Good Night, Maman

by Norma Fox Mazer

Book, 2001



Call number

J 736 MAZ




New York : HarperCollins, 2001.


After spending years fleeing from the Nazis in war-torn Europe, twelve-year-old Karin Levi and her older brother Marc find a new home in a refugee camp in Oswego, New York.

User reviews

LibraryThing member padame
As the darkness peeled away, I saw big flat fields, clumps of houses, trees. The sun came up. The train hooted three long hoots. All at once, a murmur went through the car. “Oswego…Oswego…” Marc and I put out faces to the dusty window. The train rolled past houses, a field, and then water
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spreading to the horizon. Lake Ontario—it was like an ocean. Even the lakes here were bigger than our lakes in France.
Then we saw fences, high metal feces topped with barbed wire. Everyone fell silent, until someone cursed. It sounded almost like crying. A curse, and then, “Barbed wire…”
The wheels thumped. The train slowed to a stop. We were here.
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LibraryThing member mrsdwilliams
When the Nazis take over France, Marc and Karin spend a year in hiding with their mother. As the danger of discovery intensifies, they escape, traveling on foot and at night until their mother's strength is at an end. Karin and Marc manage to get on a ship headed for America, but they have to leave
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their mother behind.

A Holocaust story suitable for younger readers.
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LibraryThing member mathqueen
This book introduces the reader to a family torn apart as German soldiers take over Paris. The interesting event in this book is the opportunity the children get to travel by ship to the United States. The Jewish refugees will stay at Fort Ontario in Oswego, New York. Once again I am reminded of my
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lack of knowledge regarding historical events! I had no idea that this ever happened! Woe is me! As the children become familiar with their new surroundings, the tragedies they experienced leave their mark on Karin. She finally admits to Marc, her brother, that she is afraid he will desert her as he becomes assimilated into the American culture. The scars left on Karin’s psyche by the Germans serve to bring her and Marc closer together in the end.
Library Implications: This book is a great tool for teaching the events occurring in Oswego when Jewish refugees escape the United States. I think many students will be surprised to find out that this actually happened and how Americans interacted with these people. The story of Karin’s family in Europe is also compelling as they travel by night to find a safe refuge from the Germans.
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LibraryThing member tonawandagirl
Karin Levi’s letters to her mother are the window into her soul. She can express her deepest feelings only to her mother, even though she can’t be with her. Even though she loves her brother dearly, there are certain things she can’t express to him and finds herself dealing with feelings of
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rebellion, anger and jealousy toward him. As Marc himself says, he is being Maman, which allows Karin to express these feelings, all part of changing from a young girl into a young woman. And in, the end they become even closer when he finally admits to Karen, and to himself, that their mother has died.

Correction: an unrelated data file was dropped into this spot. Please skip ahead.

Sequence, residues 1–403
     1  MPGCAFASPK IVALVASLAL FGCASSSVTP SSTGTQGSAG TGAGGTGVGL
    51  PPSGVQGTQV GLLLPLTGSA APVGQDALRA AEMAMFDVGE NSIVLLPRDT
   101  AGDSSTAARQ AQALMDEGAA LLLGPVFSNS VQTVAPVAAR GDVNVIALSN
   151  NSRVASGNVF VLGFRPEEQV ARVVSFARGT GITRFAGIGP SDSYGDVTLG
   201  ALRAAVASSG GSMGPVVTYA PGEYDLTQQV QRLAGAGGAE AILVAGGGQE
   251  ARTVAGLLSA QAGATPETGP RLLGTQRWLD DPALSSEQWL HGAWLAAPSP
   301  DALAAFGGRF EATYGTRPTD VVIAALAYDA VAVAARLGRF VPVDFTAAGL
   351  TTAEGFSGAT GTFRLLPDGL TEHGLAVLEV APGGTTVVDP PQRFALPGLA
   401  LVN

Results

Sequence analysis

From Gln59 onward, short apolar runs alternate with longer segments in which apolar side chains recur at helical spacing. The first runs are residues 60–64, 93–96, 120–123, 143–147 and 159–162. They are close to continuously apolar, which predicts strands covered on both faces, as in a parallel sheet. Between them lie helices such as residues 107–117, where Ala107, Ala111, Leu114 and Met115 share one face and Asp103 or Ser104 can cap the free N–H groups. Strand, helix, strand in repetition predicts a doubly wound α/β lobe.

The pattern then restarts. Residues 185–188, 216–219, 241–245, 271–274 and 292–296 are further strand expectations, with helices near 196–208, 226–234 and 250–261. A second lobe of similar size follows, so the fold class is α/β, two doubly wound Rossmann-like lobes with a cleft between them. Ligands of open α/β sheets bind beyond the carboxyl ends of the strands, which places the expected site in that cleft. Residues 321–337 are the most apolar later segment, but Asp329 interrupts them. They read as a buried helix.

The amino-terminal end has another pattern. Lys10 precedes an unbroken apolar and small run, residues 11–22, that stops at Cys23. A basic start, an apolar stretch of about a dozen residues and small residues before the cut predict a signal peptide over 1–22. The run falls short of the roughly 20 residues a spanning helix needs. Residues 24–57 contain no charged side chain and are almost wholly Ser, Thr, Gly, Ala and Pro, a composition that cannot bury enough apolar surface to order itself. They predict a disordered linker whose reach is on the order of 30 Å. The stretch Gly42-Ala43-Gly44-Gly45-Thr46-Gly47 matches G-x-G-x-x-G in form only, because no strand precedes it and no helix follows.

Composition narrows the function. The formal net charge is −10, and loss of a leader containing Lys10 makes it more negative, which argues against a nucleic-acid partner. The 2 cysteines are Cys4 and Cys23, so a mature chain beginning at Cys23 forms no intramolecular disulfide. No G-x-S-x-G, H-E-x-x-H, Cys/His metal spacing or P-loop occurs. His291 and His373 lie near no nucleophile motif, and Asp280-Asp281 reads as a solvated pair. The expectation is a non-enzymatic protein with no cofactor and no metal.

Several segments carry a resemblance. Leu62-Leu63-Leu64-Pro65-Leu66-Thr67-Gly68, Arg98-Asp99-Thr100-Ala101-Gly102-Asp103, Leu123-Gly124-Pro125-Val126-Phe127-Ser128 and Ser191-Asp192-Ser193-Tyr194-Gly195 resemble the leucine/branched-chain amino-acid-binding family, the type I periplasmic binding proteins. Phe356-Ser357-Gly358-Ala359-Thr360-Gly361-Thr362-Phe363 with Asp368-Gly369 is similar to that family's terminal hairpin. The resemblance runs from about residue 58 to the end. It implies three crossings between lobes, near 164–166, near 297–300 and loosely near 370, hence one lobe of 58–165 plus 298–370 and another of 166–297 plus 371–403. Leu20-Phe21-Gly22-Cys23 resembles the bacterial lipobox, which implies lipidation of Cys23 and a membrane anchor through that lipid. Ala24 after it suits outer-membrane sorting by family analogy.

The incredibly difficult life she has led has become part of who she is and has profoundly affected her in many ways. When she visits an American house for the first time, the things she notices most are potential hiding places. Yet, in spite of that, her spirit moves her forward and she is able to develop friendships with many of the people in the refugee camp and later, with her American friend, Peggy.
In spite of the tragic cause of her journey to America, the book contains humor, too, such as the scene where Marc is breezing through Grapes of Wrath and Karin is struggling with Daddy-Long-Legs. She takes a break from the difficult reading to listen to Marc’s description of the Joads.
“Who are these people?” I kept my finger in my place, so it wouldn’t look as if I was just trying to pass time. (p. 101)
Her struggles in learning a new language and especially in learning the American slang that Peggy teaches her are at once poignant and funny.
Trudi began singing, her way of going past nervousness. “’Who is Sylv…iaaa,’” she sang, “’that all the swains adore her?’”
“’Swains’?” Marika said. “What is it?”
Trudi shook her head and kept singing.
“Pigs,” I said. “You know.” I made pig sounds.
“’All the pigs adore her,’” Marika sang. “Sure.Okay.” (pp. 111-2)
Karin learns that anti-semitism exists in America, too, when she meets her classmate, Zoey (p. 124). And she is made aware of her differentness when all of the other students in her class stand to recite the Pledge of Allegiance to a country that is not hers (p. 120). She expresses the same feeling at Peggy’s Thanksgiving dinner when the family prays to a G-d that is not hers (p. 141). But when her brother encourages her to attend Rosh Hashanah services with him in honor of their mother, she discovers new meaning in them and a sense of belonging. I was very touched by this book and came away with the feeling that only a young person could have overcome such tragic events and still had the openness of mind and heart to embrace so many totally foreign experiences in such a short time. It speaks to the resilience of youth and delivers a very hopeful message in the context of one of the darkest moments in world history. It is tragic that such a small number of refugees had the second chance at life that Karin was afforded.
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